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Masters Defense
4/10/2017 12:15 pm

A neuroinspired oculomotor controller for a robotic head prototype

Praveenram Balachandar, Computer Science

Defense Committee: K. Michmizos (chair), C. Kulikowski, P. Awasthi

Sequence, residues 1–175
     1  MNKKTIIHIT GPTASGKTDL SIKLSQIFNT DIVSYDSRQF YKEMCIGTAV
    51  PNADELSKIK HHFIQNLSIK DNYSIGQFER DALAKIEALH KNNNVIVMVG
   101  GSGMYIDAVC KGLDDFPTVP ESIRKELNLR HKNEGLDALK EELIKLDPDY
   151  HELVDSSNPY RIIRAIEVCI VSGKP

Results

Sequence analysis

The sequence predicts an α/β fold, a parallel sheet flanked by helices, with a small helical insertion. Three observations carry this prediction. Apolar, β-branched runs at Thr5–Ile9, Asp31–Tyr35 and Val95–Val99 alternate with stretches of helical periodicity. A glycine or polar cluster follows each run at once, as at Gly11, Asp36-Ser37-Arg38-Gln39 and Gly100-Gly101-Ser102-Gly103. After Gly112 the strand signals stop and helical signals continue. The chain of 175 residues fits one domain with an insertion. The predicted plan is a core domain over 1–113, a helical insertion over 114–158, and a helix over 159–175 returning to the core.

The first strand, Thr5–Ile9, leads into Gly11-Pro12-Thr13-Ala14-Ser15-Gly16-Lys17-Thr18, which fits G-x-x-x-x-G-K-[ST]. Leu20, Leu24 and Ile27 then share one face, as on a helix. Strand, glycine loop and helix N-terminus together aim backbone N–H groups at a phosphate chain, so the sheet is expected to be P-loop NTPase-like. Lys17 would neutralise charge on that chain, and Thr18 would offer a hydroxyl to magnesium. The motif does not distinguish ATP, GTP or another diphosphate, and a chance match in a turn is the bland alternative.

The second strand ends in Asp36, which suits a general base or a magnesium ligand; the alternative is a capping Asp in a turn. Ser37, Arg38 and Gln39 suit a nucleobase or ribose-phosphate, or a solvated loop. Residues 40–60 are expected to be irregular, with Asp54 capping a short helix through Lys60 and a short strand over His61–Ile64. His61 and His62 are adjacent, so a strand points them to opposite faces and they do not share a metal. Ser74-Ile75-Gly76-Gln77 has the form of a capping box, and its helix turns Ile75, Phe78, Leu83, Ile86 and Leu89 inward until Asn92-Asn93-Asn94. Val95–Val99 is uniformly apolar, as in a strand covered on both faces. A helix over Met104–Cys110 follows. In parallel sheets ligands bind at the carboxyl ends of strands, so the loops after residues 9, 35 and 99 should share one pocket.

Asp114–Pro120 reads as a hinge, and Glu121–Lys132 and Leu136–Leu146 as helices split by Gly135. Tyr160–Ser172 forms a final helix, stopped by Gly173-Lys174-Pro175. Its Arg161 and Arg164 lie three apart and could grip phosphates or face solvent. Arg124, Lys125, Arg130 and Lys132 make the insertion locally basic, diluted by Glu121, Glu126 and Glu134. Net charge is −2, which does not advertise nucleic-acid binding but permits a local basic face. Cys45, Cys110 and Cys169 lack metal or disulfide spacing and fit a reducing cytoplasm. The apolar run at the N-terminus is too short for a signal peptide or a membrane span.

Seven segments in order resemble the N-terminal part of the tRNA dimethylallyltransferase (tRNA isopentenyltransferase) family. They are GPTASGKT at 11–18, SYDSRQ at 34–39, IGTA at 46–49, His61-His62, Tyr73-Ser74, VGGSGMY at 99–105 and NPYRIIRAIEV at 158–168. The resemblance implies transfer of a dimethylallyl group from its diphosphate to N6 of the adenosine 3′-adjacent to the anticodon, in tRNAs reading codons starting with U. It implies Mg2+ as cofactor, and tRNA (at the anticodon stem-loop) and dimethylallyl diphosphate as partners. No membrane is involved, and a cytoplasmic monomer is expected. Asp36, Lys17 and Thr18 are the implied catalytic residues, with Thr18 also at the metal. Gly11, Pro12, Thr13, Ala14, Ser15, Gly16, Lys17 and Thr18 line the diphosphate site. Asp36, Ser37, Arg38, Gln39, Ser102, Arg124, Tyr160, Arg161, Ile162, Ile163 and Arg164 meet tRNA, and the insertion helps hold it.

Robotic vision introduces requirements for real-time processing of fast-varying, noisy information in a continuously changing environment. In a real-world environment, convenient assumptions, such as static camera systems and deep learning algorithms devouring high volumes of ideally slightly-varying data, are hard to survive. Leveraging on recent neural studies that show smooth pursuit – that is the slow movement of the eyes – and saccade – their rapid movement – being handled by the same neuronal circuitry, we designed a neuromorphic oculomotor controller and placed it at the heart of a biomimetic robotic head prototype that we designed and built. The oculomotor controller is unique in the sense that 1) the encoding and processing of information is done via spikes communicated across models of biological neurons, and 2) it mimics the brain structure and therefore requires no training to operate. The tracking performance of our proposed system is comparable to that of PID controllers while the robotic eye kinematics are strikingly similar to those reported in human eye studies. Interestingly, employing biologically constrained methods of learning for the motor-related neurons resulted to synaptic weights that are comparable to the ones reported in the literature. This work contributes to the overarching goal of ComBra Lab, which is to develop neuromimetic “bottom-up” computational models of brain networks, where intelligence, emerging through a combination of network structure and learning, is used to control robots. A demo of the robot can be found here: